Monday, October 09, 2006

Back in the Saddle

I've been gone for a long, long time. Now I'm back, and it already feels good. I'm looking forward to seeing how my projects and Yusef's intertwine, communicate -- and fail to communicate -- the silences will be deafening.

In the past several months, since I've been gone, I've been thinking and writing about issues in contemporary neo-pragmatism (e.g. Rorty, Putnam, McDowell) and in critical theory (e.g. Adorno, Habermas) -- about objectivity as an ideal for rational actiivity, about the relation between virtue and reason, and about the status and content of "naturalism," a much-contested term. (One of the things I like about Deleuze is that he shows a genuine respect for natural science, and for the thought that science does reveal a face of being.)

I've been thinking about the idea of "a decent society," recently developed by the
Israeli philosopher Avishai Margalit, and how this differs from the idea of a just society, as developed by John Rawls -- and I'll be thinking about the institutionalized and psychic restrictions which prevent us from having a decent society.

I'm now teaching Locke and Leibniz, and trying to understand how the sweeping breadth and depth of Leibniz's metaphysical vision brings him into conflict with Locke's proto-pragmatist epistemological humility. In the course of working out where I see the stakes in the conflict between empiricism and rationalism, I'll be setting up my own reading of what Kant does and doesn't do, and what it would take to have an epistemology of modernity. The course is supposed to tell a story about the rise and fall of the idea of objectivity, from Plato through Descartes and Kant to Nietzsche and Rorty, and in due time I'll have a lot to say about the relation between objectivity, rationality, and ethical maturity.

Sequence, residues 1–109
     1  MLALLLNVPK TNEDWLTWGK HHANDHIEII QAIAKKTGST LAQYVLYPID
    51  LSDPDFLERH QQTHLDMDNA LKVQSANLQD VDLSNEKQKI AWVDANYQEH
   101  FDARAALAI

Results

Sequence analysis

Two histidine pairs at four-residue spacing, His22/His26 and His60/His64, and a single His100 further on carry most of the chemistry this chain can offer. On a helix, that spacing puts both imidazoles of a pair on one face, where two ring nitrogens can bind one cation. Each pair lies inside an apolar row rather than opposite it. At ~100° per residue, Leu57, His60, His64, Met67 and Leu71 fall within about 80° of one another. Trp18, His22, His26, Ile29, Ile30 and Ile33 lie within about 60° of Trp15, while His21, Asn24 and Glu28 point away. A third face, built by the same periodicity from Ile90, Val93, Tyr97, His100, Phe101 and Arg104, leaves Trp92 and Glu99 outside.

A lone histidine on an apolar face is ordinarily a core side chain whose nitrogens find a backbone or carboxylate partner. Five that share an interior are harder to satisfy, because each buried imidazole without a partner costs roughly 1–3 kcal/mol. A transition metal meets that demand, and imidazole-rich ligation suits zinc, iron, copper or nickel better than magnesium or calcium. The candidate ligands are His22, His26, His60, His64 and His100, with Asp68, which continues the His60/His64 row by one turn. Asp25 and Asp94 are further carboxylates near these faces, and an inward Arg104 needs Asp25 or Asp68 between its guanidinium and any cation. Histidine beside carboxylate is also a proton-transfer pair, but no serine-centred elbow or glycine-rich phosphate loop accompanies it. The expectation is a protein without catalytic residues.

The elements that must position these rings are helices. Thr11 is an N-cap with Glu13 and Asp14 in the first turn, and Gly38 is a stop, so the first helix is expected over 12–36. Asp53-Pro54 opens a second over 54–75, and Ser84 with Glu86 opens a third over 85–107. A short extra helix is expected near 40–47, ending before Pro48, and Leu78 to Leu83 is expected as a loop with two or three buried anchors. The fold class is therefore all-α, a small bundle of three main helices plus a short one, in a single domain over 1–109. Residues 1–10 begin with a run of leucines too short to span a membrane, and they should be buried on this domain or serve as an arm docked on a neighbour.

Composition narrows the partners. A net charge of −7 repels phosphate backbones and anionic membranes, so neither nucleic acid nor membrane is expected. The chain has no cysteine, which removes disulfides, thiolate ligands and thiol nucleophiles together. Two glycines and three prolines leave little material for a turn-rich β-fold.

Apart from these staid, if not stale, issues, I've been thinking about the intelligent design movement as a sort of anti-scientific scientism, the problem of "disenchantment of the world," and what it is in the idea of "modernity" which is worth saving.

In the next few days and weeks I'll come back to all these issues, I hope. But if you're reading this, and you're interested in a conversation about something specific mentioned above, let me know.

Thanks for dragging me out of retirement, Yusef.


Anonymous Yusef said...

I'm glad you're back in the saddle, and I know it's going to be blazing.

I've really missed your counter-weight here.

11:47 AM  

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